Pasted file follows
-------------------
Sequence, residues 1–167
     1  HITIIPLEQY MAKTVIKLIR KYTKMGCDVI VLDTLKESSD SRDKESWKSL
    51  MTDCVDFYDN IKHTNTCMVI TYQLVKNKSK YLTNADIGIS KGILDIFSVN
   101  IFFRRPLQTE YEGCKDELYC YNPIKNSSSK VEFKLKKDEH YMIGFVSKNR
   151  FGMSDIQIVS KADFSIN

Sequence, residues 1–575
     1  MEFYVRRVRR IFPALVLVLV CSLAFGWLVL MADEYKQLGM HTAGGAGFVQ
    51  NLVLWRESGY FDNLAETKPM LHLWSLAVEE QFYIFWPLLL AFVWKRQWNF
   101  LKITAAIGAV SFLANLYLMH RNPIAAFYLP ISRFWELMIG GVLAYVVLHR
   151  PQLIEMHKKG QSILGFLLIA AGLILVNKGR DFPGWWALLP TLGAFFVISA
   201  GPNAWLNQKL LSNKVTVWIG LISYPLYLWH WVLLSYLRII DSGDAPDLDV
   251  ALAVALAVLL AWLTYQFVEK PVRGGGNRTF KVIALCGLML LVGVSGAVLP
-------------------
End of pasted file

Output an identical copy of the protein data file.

Sequence, residues 1–167
     1  HITIIPLEQY MAKTVIKLIR KYTKMGCDVI VLDTLKESSD SRDKESWKSL
    51  MTDCVDFYDN IKHTNTCMVI TYQLVKNKSK YLTNADIGIS KGILDIFSVN
   101  IFFRRPLQTE YEGCKDELYC YNPIKNSSSK VEFKLKKDEH YMIGFVSKNR
   151  FGMSDIQIVS KADFSIN

Sequence, residues 1–575
     1  MEFYVRRVRR IFPALVLVLV CSLAFGWLVL MADEYKQLGM HTAGGAGFVQ
    51  NLVLWRESGY FDNLAETKPM LHLWSLAVEE QFYIFWPLLL AFVWKRQWNF
   101  LKITAAIGAV SFLANLYLMH RNPIAAFYLP ISRFWELMIG GVLAYVVLHR
   151  PQLIEMHKKG QSILGFLLIA AGLILVNKGR DFPGWWALLP TLGAFFVISA
   201  GPNAWLNQKL LSNKVTVWIG LISYPLYLWH WVLLSYLRII DSGDAPDLDV
   251  ALAVALAVLL AWLTYQFVEK PVRGGGNRTF KVIALCGLML LVGVSGAVLP